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Acne Victims Are Helped With Makeovers, Lawsuits


Houston, Texas Aug. 24, 2010 - Hiding acne can be easy if you use the right makeup. Houston-based Heidi Schulze, one of America’s top makeup artists, proves it in a new how-to video that transforms a self-conscious car saleswoman with adult acne into a drop-dead gorgeous top-model lookalike.

If only more acne sufferers had tried this approach. Instead they took Accutane, which cleared up their blemishes but also gave many users severe, lifelong and debilitating digestive disorders that often involved surgery. Now these victims are taking Accutane creator Roche Pharmaceuticals to court – and they’re winning.

A 38-year-old Alabama software engineer who took Accutane in his 20s was finally forced to have his colon removed almost 15 years after taking the drug to treat a severe case of acne. In early 2010, a jury awarded him $25 million for his losses and suffering. Five other recent verdicts have pushed victims’ awards to a total of $56 million, as juries found that Roche did not adequately warn consumers about the drug’s risks.

Faced with such Accutane lawsuits and increased competition, Swiss-based Roche took Accutane off the market last year, after 27 years of sales that reaped billions in profits. But despite health hazards, generic Accutane remains available, sold as Claravis, Sotret and Amnesteem. Each has active ingredient Isotretinoin, as did Accutane.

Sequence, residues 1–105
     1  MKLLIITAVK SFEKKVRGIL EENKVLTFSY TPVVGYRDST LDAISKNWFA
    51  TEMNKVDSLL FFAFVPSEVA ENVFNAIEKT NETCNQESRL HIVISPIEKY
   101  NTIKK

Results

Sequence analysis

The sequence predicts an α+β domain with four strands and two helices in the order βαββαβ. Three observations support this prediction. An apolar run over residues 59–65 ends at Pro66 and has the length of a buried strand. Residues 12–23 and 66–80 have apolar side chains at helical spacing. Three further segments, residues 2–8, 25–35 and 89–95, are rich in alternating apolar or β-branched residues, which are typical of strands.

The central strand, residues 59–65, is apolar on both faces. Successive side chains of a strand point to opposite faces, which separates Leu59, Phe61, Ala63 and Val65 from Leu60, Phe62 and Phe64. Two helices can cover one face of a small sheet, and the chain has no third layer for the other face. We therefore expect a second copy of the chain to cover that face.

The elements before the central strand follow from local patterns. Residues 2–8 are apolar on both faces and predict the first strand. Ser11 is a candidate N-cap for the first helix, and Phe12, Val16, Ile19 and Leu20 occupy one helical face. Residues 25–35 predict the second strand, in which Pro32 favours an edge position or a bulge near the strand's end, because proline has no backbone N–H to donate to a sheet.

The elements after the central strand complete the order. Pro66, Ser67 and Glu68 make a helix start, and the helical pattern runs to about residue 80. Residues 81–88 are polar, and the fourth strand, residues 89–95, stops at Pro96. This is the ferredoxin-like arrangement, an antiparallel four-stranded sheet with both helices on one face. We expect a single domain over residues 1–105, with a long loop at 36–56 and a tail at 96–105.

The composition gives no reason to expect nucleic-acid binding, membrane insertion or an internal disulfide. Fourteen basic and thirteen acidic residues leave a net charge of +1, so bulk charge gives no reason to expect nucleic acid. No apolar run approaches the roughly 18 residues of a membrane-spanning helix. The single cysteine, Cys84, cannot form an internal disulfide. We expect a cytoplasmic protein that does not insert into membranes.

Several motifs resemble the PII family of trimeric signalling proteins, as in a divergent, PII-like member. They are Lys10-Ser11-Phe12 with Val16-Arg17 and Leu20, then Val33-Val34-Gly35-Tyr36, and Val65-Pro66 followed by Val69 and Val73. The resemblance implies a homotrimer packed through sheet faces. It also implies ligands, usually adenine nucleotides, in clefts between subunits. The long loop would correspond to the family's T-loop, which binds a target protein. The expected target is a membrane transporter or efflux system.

Isotretinoin medications have been proven to cause an inflammatory bowel disease (IBD) such as Crohn’s Disease and ulcerative colitis, or UC. Often such victims must have surgery – and many haven’t suspected till now that their incurable condition was the result of taking an acne medication.

That’s not to say Accutane hasn’t done some good. More than 13 million people took Accutane during its 27 years on the market, and it permanently cleared up the pimples of 85 per cent of those with severe acne. But for too many, the health hazard trade-off has been severe.

A far better solution for acne sufferers is to try Schulze’s makeup approach, which isn’t disguised with heavy foundations and powder. Rather, the answer is a light, mineral-based product applied with a careful, deft touch in the right combination of colors. And this natural makeup doesn’t look like makeup, once it’s applied.

“Most women with acne make the mistake of using concealers, as they are called, to cover pimples,” Shulze said. “That cakes up the face, doesn’t look natural, and since people with acne have oily skin, the makeup ends up sliding off anyway during the day. “ The mineral product Schulze uses in the video has no oil, so it stays put, relieving self-conscious sufferers.

Meanwhile, acne sufferers should be wary of generic Accutane products, which remain available. For those persons, covering, not curing, may be the answer – especially since the “cure” can be so devastating.

Those who already tried Accutane instead and now face major surgery at least have an option. They can contact a defective drug lawyer and take their case to court – where juries so far are taking their side.

About can provide American victims of Swiss pharmaceutical company Roche with a defective drug lawyer in all 50 states. Visit and simply apply for a free case evaluation at, or call toll-free to (800) 339-0606 to explore your options for an Accutane lawsuit. A legal representative will respond to help you assess your Accutane side effects case. You may be entitled to substantial economic recovery for your losses caused by the negligence of a pharmaceutical corporation.

Jim S. Adler & Associates
Houston Office
3D/International Tower
1900 West Loop South, 20th Floor
Houston, Texas 77027-3214
(800) 339-0606

Jodie Sinclair
Director of Public Relations

Bruce Westbrook
Internet Writer/Editor


 Accutane Lawsuit
 Acne treatment
 ulcerative colitis
 Crohn’s Disease
 Accutane side effects

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